There is no Magic Capital Tree. The Household is the Economic Model.

Of course, there are many magic money trees – but on the contrary, there is no magic labour tree and no magic resource tree. We can still say, wagging a Theresa-like finger, “There is no magic capital tree.” We can mention it to Theresa, who needs the lesson.

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Contrary to the view of many on my side of the fence (that is, those who pursue least-destructive de-growth & so on), I say that economies are visible in the microcosm of a household. If we lose that simplicity we wander from the truth. The movement of money is another thing – and is a related, but quite different story.

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In the microcosmic household, we can explore the pursuit of resilience, sufficiency, conviviality and the good life. In that household, everything has limits. Because it has limits, it also has form, mass, scent, sound… things we can value both spiritually and by weights and measures. It is within the household that we learn the primary lessons for macroeconomics.

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There, we find capital in both labour and resource and can also pursue the sources of that capital. If future capital is to be maintained, current capital must emerge from commons of good behaviour. Capital and common are one binary system. Each exists as an idea, because of the other. Commons define the house-dweller’s proper behaviour. They define duties for maintenance of capital of future households.

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Let’s not forget that the study of economics is a branch of moral philosophy. Manipulation of the casino is quite another thing. Most who adopt the job-description of economist today, study the casino of money flow, money creation, rent of money, movement of shares and bonds – and so the ebb and flow of imports, exports, wages, and spending. But let’s not also forget that study of the casino is the study of human emotions – for instance, casinos (which some call economies) collapse neither by scarcity, or by mismanagement, but by the collapsing belief of punters. As cult fervour fades to anxiety, or ennui, so the edifice crumbles.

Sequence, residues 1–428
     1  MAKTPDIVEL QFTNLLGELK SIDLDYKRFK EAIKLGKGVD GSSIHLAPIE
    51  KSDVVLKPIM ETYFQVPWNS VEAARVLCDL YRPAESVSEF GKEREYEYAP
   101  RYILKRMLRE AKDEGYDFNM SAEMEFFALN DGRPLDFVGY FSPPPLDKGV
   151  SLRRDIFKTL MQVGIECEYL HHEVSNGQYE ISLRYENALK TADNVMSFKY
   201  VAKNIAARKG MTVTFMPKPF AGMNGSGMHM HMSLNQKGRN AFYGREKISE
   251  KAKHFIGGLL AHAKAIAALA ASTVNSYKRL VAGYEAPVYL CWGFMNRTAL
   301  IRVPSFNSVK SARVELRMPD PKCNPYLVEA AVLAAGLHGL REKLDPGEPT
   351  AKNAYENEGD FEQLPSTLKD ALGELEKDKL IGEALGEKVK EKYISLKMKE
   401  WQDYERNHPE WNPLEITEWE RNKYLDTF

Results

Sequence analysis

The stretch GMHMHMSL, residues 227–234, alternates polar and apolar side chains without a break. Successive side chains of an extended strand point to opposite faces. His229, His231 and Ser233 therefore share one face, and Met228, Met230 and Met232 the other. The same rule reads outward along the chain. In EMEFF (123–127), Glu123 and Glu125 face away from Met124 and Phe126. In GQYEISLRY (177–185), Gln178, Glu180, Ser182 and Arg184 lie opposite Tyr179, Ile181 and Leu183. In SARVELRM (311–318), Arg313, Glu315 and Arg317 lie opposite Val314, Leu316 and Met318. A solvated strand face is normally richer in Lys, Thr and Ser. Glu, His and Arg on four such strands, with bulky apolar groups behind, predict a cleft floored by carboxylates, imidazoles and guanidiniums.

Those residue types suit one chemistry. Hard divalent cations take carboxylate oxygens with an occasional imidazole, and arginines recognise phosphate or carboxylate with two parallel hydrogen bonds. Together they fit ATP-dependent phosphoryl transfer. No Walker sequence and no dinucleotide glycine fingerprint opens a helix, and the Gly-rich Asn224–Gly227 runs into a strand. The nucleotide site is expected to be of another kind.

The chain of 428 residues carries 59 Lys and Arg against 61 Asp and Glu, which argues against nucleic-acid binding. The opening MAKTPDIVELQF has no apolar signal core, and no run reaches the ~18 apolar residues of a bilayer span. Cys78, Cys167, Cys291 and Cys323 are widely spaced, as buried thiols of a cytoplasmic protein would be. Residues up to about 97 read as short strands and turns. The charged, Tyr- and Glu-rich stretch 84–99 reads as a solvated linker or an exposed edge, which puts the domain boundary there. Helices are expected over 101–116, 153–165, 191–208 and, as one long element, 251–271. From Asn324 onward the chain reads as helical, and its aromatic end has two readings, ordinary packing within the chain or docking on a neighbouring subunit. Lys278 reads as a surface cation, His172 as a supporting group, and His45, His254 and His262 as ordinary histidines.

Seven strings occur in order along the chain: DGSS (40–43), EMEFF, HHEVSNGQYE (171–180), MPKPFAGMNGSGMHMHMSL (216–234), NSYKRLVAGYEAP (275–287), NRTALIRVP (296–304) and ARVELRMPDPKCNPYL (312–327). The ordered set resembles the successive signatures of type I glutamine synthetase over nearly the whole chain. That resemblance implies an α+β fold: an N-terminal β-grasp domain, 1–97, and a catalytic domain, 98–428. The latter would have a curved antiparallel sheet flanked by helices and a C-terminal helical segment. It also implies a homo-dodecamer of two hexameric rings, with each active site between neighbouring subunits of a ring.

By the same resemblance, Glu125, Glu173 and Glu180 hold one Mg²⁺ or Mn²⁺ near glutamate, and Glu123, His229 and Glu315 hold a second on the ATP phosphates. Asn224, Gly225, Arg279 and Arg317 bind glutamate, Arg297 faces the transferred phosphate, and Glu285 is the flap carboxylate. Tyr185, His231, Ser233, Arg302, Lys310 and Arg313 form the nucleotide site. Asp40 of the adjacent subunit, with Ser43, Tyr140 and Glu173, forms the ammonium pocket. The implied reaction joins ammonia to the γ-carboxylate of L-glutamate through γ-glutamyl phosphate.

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Money is a useful tool and an interesting study. What is most interesting about money, is that it can be used for peace, or violence – for justice and injustice – and so even the study of money remains a branch of moral philosophy.

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Calculating the odds of the casino for the lucrative manipulation of individuals, companies, corporations and nation states is an anti-social act – it defies commons of behaviour – it mal-uses otherwise benignant tools and is the central admonition for Adam Smith’s, Wealth of Nations. Adam’s original capitalism was designed to reign-in the malignity of the casino, and to release the dexterity, ingenuity and (importantly) the probity of labour capital to understand and best-use resource capital. Probity, trust and commons are essential to the best use of capital. Adam would regulate (by law) rent, currency manipulation and trade in shares and bonds. His comparative advantages of let’s say, two neighbouring cultures would be very much apparent in the microcosm of two households within those cultures. For instance, a surplus of wine and a lack of wheat flour in one house could create a beautiful relationship with a house in the neighbouring culture, which had the opposite economic problem… If that microeconomics does not inform macroeconomics, a society becomes vulnerable. After all, intelligence of scarcity and surplus arrives through the senses of individuals.

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We should keep this simple thought in mind – money is a tool. Where it becomes an asset – where it becomes “capital”, it always becomes malign – and parasitic to the wealth of nations. That truth is simple – and also, old as the hills. The wise householder should keep it mind, when bamboozled by the complexity of macroeconomics.